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Interestingly, the Greek word peitho is some times translated incorrectly as ‘obey’ (e.g. Hebrews 13.17) whereas it really signifies ‘yielding to persuasion’. Likewise two other Greek words, hupakouo (Eph. 6.5) and hupotasso (Eph. 5.22), are also translated incorrectly as ‘obey’ or ‘submit’ (e.g. Eph. 5.22).  When the suffix arch of authority (as in the English monarchy or oligarchy) is added, then peitharcheo does indeed mean ‘obey’ (e.g. Acts 5.29, 32), but it is only used of our response to God. Peitharcheois never used in relation to other human beings. Towards other human beings (children towards parents, slaves towards masters, all of us towards teaching concerning the Gospel) we are to yield to persuasion. Rebellious attitudes which will not listen humbly will spoil Christian relationships of love. Likewise unthinking obedience goes against the will of God. Some Christian leaders and bishops may demand obedience, but this is clearly unbiblical. Rather, we are called to weigh people’s words of instruction and yield humbly and lovingly to them if they seem true.
Our confidence before God, which stems from our love for our sisters and brothers in Christ, produces such a confident relationship with our heavenly Father that “we receive from him anything we ask” (3.22). Keeping (not the unthinking word ‘obey’ as in NIV) his commands and doing what pleases God are the basis for effective intercessory prayer (3.22). What a privilege we have as Christians! We can have assurance that God answers prayers that are in line with his will. When we read that keeping his commands is an essential condition for effective prayer, inevitably we ask ourselves what his commands consist of. The answer is simple: believe in God’s son Jesus Christ and love one another (3.23). If we obey these two commands, John assures us that we shall abide in the Lord and he will abide in us (3.24). What an amazing relationship of love we are given! We are totally at one with almighty God through Jesus Christ.
Can this all be possible? It all sounds too idyllic! John affirms that confirmation comes from the Spirit whom God has given us. We so experience the working of the Holy Spirit in and through us that we gain confidence that the Lord does indeed dwell in us and we in him. God’s Spirit lives in us and brings growing Christ-like holiness into our lives. He enables us to love our fellow believers. He works through us to share his good news of new, abundant and eternal life with others.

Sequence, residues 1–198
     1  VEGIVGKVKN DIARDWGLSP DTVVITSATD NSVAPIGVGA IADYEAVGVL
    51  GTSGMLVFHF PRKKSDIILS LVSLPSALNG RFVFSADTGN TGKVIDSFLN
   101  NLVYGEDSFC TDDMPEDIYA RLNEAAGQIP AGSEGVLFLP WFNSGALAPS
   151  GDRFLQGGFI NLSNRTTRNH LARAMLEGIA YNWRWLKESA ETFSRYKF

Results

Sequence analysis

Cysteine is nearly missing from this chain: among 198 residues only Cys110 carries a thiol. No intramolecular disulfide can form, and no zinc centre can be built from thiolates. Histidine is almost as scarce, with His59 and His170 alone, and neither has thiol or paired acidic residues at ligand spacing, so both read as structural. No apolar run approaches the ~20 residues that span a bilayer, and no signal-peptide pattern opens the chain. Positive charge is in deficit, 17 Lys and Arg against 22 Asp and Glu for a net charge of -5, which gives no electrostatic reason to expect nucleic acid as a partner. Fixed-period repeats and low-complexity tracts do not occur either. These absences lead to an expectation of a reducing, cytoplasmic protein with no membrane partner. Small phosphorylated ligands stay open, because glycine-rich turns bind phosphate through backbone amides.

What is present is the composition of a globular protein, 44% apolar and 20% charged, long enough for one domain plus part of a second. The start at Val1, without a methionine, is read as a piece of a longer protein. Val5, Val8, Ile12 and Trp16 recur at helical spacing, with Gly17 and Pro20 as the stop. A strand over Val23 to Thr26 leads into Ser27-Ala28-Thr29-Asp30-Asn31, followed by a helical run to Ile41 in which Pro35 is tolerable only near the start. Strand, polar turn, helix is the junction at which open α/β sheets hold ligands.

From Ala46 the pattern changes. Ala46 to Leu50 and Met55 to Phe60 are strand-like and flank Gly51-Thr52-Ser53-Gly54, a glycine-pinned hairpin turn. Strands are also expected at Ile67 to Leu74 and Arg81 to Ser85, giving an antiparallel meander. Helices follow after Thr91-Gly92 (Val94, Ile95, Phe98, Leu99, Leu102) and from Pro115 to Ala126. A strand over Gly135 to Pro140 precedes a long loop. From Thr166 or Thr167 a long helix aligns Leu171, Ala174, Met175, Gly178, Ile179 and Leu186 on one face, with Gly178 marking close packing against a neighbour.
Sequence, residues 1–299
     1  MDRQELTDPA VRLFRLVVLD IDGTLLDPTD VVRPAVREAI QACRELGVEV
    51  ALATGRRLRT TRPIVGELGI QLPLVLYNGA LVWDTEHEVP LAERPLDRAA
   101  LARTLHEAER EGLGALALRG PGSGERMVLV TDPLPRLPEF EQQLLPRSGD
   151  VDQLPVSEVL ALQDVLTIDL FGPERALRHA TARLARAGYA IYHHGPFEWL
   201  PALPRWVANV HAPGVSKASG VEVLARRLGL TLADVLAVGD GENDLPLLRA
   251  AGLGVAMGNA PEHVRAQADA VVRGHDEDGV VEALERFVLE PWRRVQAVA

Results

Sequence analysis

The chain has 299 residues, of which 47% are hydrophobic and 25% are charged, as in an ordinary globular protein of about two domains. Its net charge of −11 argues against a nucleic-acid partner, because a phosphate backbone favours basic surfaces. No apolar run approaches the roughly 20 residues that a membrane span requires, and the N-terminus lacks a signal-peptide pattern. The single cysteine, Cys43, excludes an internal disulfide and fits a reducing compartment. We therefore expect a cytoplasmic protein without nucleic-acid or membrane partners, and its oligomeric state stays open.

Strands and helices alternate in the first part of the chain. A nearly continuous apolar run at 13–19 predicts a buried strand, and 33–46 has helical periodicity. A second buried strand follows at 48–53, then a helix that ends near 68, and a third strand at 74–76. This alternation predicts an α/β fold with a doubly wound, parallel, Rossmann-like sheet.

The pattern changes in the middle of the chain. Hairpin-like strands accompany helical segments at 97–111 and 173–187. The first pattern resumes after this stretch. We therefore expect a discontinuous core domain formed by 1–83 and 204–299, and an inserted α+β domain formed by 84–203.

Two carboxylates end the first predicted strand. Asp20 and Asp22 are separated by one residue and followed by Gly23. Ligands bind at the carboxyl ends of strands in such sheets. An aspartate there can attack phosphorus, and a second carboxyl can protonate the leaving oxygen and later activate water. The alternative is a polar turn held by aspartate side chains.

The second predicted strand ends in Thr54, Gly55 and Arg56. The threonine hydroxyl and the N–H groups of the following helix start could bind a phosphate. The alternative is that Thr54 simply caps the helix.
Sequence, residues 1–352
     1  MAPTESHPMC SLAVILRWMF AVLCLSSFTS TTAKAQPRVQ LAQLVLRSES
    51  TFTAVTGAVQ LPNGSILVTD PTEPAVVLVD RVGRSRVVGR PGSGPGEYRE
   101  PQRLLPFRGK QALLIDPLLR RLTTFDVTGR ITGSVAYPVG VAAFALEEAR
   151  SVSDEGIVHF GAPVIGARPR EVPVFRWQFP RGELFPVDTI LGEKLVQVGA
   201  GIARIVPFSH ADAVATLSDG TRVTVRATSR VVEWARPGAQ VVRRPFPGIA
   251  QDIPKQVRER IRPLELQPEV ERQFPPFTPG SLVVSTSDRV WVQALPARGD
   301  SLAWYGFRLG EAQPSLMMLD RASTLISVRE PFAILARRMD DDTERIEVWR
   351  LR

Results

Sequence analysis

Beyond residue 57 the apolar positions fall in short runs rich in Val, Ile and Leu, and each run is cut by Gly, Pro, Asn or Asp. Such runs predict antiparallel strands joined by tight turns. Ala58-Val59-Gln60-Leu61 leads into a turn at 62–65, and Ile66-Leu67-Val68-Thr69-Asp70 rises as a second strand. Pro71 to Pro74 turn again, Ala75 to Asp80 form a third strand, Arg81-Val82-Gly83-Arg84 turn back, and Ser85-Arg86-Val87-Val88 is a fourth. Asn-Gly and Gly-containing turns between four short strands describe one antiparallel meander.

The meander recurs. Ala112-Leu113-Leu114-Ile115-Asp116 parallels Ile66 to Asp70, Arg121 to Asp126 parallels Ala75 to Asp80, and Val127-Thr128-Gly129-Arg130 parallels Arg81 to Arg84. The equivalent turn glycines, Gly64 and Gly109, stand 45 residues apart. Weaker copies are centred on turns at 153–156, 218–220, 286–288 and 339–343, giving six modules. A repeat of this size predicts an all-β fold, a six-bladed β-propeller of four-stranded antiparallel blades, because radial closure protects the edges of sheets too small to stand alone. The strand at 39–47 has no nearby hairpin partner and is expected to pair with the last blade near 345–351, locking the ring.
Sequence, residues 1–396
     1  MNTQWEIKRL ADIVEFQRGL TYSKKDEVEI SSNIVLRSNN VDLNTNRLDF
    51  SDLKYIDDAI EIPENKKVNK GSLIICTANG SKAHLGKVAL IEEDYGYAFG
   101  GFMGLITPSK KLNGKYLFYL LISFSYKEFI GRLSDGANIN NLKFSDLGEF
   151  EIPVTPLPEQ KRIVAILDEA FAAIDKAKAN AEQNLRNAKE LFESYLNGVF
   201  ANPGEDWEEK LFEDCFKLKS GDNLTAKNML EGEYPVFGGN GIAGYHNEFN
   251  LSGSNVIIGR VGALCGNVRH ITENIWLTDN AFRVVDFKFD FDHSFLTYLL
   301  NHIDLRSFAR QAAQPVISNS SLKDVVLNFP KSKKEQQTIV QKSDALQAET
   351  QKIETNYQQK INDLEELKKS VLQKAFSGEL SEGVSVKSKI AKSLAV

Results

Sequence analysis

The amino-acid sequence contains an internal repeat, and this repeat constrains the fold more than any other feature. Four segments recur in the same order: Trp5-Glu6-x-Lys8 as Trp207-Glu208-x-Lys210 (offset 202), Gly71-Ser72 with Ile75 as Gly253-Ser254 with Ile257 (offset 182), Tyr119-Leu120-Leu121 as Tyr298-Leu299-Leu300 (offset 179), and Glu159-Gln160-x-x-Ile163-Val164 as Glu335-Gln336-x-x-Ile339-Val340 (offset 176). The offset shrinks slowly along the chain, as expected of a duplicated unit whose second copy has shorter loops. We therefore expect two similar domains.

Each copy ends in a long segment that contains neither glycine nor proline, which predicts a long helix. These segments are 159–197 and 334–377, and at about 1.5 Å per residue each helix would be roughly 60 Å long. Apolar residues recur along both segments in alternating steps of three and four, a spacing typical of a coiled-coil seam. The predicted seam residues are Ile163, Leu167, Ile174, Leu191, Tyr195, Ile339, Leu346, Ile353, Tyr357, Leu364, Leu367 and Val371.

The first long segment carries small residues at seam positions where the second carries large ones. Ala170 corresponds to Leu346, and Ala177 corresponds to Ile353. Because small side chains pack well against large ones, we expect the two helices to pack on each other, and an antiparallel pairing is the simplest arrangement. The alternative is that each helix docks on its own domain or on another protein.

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So, God’s command to us through the writings of John comes once again to us. Believe in Jesus, trust and follow him! Let love reign in the church of God!
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Children of God (1 John 3.1-15)

Children of God (1 John 3.1-15)

God the Father’s love takes our breath away. He has actually chosen to call us his children. And somewhat amusingly John notes that we are not only called his children; he adds the words “and we are”! Let us all stop for a moment and marvel that ordinary people like us should be adopted by God the Father as his beloved children. I find it almost incredible that the almighty all-holy God should want me in his family as his son. That’s good news if ever there was!
But the good news is followed by a warning. We are still living within the context of the non-Christian world. God loves us perfectly, but the world doesn’t know us because they also don’t know the Lord (3.1). So don’t let us be so carried away by the sheer glory of our adoption as God’s children that we are taken by surprise when opposition hits us.